'Cut the crap' and other lessons for new IT projects
NRC's knowledge management chief focused on goal rather than theories
- By William Jackson
- Sep 02, 2010
Patricia Eng, a nuclear engineer by trade, was given the title of senior adviser for knowledge management at the Nuclear Regulatory Commission and charged with implementing a system to make technical expertise and personal experience readily available across the agency. She approached the task like an engineer, focusing on the goal rather than information technology systems.
It’s all about the destination, she said, not about making the journey in style.
“Don’t be seduced by the elegance of a given tool,” Eng said. She added that it's important to understand the process that needs to be done, decide what will work and make it simple enough that the new tool will become viral in the workplace.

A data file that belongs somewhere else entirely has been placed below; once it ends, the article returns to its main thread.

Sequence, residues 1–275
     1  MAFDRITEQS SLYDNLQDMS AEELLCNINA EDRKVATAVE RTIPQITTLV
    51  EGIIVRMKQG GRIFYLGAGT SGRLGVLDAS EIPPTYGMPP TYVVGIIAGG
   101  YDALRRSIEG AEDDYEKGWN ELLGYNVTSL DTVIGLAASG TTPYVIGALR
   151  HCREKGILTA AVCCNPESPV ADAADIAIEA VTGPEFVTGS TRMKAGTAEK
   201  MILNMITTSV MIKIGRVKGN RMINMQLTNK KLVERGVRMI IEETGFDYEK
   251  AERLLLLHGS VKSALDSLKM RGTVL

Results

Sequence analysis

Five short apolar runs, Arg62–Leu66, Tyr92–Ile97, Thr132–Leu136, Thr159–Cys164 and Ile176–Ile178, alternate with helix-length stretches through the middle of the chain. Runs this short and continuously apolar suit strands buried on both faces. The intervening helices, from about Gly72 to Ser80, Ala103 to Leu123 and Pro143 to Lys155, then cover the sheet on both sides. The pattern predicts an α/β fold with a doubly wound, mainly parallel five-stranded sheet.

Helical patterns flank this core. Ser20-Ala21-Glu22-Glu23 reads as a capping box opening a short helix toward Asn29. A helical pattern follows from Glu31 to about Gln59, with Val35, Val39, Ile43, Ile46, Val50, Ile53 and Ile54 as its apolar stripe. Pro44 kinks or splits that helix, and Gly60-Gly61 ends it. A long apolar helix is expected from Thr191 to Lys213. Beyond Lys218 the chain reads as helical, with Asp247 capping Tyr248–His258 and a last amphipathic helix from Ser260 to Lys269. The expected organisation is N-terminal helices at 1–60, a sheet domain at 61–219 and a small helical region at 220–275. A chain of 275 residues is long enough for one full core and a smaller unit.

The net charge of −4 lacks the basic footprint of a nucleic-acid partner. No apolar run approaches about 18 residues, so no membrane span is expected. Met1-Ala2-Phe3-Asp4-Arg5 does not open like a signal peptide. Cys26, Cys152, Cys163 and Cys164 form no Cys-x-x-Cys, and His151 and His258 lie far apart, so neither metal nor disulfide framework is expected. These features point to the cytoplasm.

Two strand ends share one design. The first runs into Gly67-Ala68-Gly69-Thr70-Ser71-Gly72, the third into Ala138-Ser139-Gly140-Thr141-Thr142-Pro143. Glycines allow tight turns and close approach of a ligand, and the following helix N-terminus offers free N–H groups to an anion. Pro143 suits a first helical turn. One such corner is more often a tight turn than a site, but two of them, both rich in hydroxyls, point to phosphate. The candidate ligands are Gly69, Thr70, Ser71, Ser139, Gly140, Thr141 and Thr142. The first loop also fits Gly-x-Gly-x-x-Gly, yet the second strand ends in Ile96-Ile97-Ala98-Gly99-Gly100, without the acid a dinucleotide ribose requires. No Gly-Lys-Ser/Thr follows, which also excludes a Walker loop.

She said she believes her lack of academic training in knowledge management has been an asset because the experts too often focus on the fluff of theory, paying more attention to the means than to the end.
“Cut the crap,” she said. “You just do it.”
NRC settled on the Tomoye collaboration and information management platform that enables the creation of communities of practice because it is simple to use and can do the job. It was not the only option available, but it met the agency’s needs with a minimum of complexity, linking easily to document management systems and databases and operating behind the firewall to minimize security concerns.
When you need to get from Point A to Point B, consider whether a bicycle can do the job as well as a Mercedes can, Eng advised. And don’t get drawn in by the theory of gurus.
“There are people out there who talk a lot about knowledge management but aren’t doing anything,” she said. “A lot of people will tell you in theory how to do things, but you’ll spend many moons doing nothing.”
A challenge of any IT project is ensuring that it has the backing of both top management, which must approve and fund it, and users. By focusing on the final product of a new system, you can create a business case that will satisfy management and field a tool that will be useful.
“If it works and it’s a good process, people are going to want it,” Eng said.
William Jackson is a Maryland-based freelance writer.